Well, it took quite a few months, but Ian Cheney and his crew finally came to Los Angeles on their way back from shooting on location in China.  Originally their plan was to film at a Chinese restaurant in the San Gabriel Valley that served General Tso's Chicken, but I told them this was problematical for two reasons.  First of all, General Tso's chicken was in fact nearly unheard of in California, as the orange chicken dish found here had preempted the fairly similar General Tso's.  Secondly, General Tso's chicken was an Americanized Chinese dish, while virtually all of the Chinese restaurants in the San Gabriel Valley were authentic Chinese restaurants catering to Chinese diners.  In combination, these made finding a San Gabriel Valley Chinese restaurant serving the dish a longshot.  Consequently, the film shoot was set for Mission 261, one of the better dim sum restaurants in the City of San Gabriel at the time.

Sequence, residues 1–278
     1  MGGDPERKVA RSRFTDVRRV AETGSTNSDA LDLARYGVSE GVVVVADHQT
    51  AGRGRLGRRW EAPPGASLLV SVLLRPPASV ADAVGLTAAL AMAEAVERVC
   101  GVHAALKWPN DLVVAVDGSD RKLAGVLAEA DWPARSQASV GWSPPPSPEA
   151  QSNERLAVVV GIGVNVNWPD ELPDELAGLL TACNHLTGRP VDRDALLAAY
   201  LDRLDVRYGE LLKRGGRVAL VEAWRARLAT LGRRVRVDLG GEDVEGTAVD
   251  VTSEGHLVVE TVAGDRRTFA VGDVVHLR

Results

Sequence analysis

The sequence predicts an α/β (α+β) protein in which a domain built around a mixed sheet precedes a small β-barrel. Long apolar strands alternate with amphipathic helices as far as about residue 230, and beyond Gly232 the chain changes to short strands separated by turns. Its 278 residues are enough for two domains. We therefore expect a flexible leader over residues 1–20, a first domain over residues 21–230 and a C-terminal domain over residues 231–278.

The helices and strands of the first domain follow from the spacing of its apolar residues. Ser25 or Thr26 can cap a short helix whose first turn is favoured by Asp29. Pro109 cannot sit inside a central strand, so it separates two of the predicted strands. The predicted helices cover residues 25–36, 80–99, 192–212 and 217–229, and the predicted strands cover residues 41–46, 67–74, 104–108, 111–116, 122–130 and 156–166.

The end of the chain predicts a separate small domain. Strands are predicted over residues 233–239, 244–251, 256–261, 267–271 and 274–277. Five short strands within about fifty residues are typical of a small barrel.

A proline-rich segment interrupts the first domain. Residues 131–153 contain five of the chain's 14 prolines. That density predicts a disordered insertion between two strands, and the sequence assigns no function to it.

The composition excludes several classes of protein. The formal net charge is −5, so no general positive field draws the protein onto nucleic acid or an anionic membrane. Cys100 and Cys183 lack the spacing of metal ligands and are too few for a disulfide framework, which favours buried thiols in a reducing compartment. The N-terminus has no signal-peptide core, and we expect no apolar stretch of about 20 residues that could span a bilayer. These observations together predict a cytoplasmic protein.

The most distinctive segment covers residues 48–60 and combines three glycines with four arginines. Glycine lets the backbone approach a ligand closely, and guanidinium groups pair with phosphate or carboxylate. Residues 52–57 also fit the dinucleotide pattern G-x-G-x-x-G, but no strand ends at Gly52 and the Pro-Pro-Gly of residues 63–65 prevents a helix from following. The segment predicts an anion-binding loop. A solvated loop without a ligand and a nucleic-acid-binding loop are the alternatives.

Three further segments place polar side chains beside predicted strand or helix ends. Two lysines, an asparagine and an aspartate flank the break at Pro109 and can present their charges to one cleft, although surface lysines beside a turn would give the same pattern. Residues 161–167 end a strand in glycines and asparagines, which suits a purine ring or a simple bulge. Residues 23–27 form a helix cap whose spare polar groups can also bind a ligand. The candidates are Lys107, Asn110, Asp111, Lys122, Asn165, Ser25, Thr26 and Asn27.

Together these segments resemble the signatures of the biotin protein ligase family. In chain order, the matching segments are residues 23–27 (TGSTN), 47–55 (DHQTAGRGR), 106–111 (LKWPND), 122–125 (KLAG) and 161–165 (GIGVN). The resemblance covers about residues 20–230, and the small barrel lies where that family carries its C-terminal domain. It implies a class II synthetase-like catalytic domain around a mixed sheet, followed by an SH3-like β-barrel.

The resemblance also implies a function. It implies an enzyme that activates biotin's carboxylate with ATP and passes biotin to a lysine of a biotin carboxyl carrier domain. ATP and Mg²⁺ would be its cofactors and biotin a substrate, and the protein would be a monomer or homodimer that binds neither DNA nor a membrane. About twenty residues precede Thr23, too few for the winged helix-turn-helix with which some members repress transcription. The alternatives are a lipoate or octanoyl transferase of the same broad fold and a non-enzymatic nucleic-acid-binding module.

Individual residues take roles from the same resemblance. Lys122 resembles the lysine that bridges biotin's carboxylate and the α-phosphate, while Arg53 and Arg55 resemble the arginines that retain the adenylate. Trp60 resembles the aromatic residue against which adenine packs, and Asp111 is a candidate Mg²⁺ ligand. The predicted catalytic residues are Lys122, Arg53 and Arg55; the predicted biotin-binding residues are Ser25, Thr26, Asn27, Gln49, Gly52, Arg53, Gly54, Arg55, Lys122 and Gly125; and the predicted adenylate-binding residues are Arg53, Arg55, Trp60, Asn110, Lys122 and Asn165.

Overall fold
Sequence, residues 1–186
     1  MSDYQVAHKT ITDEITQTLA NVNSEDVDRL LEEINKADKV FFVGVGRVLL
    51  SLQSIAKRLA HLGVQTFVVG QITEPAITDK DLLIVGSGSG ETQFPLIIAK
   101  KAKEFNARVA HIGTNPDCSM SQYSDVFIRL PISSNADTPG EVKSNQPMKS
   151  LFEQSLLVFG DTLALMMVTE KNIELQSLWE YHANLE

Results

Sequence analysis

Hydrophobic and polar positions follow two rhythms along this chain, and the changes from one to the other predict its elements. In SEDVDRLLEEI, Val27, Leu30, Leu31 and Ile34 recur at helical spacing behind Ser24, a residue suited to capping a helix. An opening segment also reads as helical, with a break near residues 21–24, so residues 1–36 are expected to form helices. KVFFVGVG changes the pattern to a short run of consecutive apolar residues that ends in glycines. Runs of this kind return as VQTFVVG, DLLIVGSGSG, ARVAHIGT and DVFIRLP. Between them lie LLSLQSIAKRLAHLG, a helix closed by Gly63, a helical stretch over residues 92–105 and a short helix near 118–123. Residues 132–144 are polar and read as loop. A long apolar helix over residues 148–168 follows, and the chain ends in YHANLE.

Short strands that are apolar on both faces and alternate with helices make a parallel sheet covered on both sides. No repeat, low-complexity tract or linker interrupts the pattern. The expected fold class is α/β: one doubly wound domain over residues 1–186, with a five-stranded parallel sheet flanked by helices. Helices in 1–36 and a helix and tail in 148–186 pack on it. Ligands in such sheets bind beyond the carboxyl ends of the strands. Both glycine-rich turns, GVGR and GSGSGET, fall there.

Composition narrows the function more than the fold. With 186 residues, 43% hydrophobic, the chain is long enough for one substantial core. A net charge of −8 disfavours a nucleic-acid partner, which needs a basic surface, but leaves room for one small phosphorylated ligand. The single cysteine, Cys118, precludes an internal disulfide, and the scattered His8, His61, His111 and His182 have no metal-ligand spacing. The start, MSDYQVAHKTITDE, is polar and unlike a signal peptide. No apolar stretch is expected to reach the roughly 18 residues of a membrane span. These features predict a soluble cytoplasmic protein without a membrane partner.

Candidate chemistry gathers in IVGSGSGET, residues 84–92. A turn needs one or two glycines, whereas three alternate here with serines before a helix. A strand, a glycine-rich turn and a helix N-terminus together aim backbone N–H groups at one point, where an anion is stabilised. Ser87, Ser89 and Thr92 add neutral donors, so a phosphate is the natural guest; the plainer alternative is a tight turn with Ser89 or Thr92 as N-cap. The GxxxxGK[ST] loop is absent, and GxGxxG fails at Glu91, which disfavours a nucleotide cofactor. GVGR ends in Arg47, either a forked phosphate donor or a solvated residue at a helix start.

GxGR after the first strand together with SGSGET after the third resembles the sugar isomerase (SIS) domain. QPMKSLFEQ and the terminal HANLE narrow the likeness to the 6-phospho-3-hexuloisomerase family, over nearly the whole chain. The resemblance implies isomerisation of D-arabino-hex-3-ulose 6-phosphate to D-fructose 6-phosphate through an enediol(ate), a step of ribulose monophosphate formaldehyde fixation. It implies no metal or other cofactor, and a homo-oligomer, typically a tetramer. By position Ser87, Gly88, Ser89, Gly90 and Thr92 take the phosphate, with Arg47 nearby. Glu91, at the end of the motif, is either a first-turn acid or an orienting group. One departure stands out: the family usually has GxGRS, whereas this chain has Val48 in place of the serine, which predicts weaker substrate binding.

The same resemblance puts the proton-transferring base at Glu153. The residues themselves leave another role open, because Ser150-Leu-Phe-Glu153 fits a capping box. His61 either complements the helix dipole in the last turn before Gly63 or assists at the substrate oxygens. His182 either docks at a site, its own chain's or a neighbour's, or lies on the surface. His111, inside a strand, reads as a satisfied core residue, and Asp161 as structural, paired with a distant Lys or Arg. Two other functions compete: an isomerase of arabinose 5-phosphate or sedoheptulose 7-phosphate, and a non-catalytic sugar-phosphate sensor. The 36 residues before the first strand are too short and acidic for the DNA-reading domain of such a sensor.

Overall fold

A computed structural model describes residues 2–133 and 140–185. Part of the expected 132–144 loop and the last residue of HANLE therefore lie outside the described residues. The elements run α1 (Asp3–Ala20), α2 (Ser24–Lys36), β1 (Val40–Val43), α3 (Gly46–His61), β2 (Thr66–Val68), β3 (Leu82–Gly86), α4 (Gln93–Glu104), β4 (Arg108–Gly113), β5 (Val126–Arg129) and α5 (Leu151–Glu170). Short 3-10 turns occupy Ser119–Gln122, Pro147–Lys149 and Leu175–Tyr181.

The film crew of Cheney, Spottiswoode and director Amanda Murray ended showing up late for our 12:30pm meeting time, as they were delayed at their previous filming location, the corporate offices of Panda Express, where they had interviewed the founders of Panda Express, Andrew and Peggy Cherng.  My interview lasted two hours, during which they asked questions about the history and demography of Chinese food in the United States, not unlike the other interviews I had been doing in the wake of Clarissa Wei's article.  It became immediately evident to me that most of what I said in the interview would not be the part of the final movie, as the two hour length of the session exceeded the running time of most movies.